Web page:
Germany (ship, 1904)

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Platzhalter Deutschland-1912-an-Meereis-Eiskante.jpg
Ship data
flag German EmpireGerman Empire (Reichskriegsflagge) German Empire
other ship names
  • Bjørn
  • Austria
  • San Rocco
Ship type Research ship
Shipyard EK Lindstøl Skibsværft, Risør
Ship dimensions and crew
46.7 m ( Lpp )
width 9.1 m
measurement 527 gross tons
Machine system
machine Porsgrunds Mekaniske Værksted
8.0 kn (15 km / h)
propeller 1
Rigging and rigging
Rigging Barque
Number of masts 3
under sail
Max. 10 kn (19 km / h)

The Bark Deutschland was the ship of the Second German Antarctic Expedition (1911-1912) under the direction of the geophysicist Wilhelm Filchner (1877-1957).


Lottery ticket with Germany and the facsimile signature of Wilhelm Filchner ;
Printing and Publishing Company A. Molling & Comp. , Hanover, around 1912

The whaling and cargo ship Bjørn ("Bear") was launched in 1904 at EK Lindstøl Skibsværft in Risør , Norway for the shipping company A / S Bjørn (Chr. Christensen) in Kamfjord, Sandefjord. The ship was operated by the Sandefjorder whaling and shipping company Christensen.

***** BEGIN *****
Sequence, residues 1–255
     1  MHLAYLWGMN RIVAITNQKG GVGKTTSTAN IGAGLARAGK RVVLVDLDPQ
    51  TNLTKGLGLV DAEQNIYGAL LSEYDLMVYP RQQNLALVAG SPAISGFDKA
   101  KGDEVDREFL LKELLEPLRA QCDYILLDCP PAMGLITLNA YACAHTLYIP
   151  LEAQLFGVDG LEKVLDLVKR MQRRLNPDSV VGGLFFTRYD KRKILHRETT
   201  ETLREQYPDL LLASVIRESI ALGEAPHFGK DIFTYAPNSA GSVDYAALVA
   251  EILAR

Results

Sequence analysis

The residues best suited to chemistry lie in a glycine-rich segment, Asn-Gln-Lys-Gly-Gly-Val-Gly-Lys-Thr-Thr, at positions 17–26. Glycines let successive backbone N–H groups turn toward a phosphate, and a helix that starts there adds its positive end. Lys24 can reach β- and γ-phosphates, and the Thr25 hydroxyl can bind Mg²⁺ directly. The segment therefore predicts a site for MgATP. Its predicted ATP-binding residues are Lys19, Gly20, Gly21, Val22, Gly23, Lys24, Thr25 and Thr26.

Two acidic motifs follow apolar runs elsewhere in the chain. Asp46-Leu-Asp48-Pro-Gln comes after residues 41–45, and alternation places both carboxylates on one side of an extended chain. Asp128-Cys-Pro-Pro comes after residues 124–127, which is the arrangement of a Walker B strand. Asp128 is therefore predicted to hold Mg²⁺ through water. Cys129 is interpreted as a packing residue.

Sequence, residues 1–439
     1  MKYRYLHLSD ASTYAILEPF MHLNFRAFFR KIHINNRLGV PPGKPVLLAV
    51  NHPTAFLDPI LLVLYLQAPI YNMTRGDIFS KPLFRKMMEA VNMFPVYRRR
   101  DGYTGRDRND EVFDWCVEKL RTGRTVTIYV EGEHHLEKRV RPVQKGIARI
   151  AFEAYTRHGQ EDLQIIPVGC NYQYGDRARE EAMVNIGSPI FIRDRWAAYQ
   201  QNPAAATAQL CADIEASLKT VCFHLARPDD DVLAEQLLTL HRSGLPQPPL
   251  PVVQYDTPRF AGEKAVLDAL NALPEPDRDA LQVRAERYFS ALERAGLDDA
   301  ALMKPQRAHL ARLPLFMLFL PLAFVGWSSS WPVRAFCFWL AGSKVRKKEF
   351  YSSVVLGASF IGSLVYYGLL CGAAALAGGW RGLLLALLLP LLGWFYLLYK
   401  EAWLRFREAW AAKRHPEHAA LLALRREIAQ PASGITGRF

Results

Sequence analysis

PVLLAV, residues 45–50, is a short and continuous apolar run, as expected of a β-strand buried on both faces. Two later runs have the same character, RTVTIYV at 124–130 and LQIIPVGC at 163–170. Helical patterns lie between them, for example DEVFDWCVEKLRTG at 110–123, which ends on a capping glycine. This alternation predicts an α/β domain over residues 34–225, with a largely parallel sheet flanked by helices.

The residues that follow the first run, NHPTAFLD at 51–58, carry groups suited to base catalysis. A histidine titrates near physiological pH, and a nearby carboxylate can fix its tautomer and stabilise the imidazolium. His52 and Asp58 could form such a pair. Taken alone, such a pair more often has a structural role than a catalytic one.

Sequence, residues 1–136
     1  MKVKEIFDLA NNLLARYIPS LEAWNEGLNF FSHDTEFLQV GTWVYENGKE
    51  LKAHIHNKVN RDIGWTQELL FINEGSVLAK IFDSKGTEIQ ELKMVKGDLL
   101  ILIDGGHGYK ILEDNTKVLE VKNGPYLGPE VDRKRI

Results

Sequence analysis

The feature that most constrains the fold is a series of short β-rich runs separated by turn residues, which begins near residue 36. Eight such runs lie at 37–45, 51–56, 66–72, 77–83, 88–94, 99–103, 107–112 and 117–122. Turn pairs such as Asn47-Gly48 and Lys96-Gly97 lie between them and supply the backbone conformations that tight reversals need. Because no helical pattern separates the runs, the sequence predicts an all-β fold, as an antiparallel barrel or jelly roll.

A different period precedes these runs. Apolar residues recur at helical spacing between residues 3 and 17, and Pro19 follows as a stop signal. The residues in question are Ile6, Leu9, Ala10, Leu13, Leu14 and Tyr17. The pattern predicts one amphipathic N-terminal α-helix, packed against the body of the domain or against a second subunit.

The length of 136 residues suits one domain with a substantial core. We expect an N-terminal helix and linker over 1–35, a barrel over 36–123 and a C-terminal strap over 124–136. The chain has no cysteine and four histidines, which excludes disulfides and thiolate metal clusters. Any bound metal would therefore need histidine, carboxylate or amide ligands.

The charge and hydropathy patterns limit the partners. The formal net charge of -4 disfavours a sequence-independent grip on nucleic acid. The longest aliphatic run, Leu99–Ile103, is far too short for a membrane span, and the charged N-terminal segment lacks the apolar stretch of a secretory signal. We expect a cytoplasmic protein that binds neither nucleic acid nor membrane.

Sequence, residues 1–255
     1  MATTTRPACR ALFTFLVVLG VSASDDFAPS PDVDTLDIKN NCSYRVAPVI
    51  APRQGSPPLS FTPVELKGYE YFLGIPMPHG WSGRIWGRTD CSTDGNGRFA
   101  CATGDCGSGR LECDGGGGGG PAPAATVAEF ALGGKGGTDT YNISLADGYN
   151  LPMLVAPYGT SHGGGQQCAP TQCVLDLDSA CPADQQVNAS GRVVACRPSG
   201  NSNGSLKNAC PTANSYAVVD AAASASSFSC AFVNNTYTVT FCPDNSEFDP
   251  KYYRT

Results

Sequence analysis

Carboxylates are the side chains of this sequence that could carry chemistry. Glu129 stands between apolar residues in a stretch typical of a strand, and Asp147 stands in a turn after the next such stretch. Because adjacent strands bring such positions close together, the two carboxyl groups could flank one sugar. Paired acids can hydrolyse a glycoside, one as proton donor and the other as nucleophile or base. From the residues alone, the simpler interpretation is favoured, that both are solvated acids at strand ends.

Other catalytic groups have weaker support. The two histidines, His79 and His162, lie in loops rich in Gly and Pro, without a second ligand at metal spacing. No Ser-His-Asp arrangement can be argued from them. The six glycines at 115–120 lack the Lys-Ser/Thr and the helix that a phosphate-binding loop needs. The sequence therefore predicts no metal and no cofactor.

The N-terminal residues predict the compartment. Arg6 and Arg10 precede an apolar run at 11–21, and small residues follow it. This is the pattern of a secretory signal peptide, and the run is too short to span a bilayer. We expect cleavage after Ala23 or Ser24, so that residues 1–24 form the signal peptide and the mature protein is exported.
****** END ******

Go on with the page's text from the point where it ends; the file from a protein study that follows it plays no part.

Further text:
After Filchner, with the help of the polar explorers Shackleton , Nordenskjöld and Nansen, succeeded in acquiring the Björn for his planned expedition in 1910 , it was renamed Germany . During the Antarctic expedition, the ship, which was initially led by Captain Richard Vahsel (who, however, died during the voyage), sailed under the German imperial war flag . Although it was trapped by pack ice in the Weddell Sea for about nine months , it survived the exploration trip almost unscathed.

Important officers of the ship were:

  • Richard Vahsel (1868-1912). The captain of the Deutschland had already participated in the first German Antarctic expedition with the Gauß as 2nd officer from 1901 to 1903.
  • After Vahsel's death, Wilhelm Lorenzen , the first officer, took command of the ship up to the port of destination Grytviken .
  • Conrad Heyneck managed the engine room and the ship's technical systems.
  • Wilhelm v. Goeldel (born 1881), officer on watch; also worked as a ship and expedition doctor.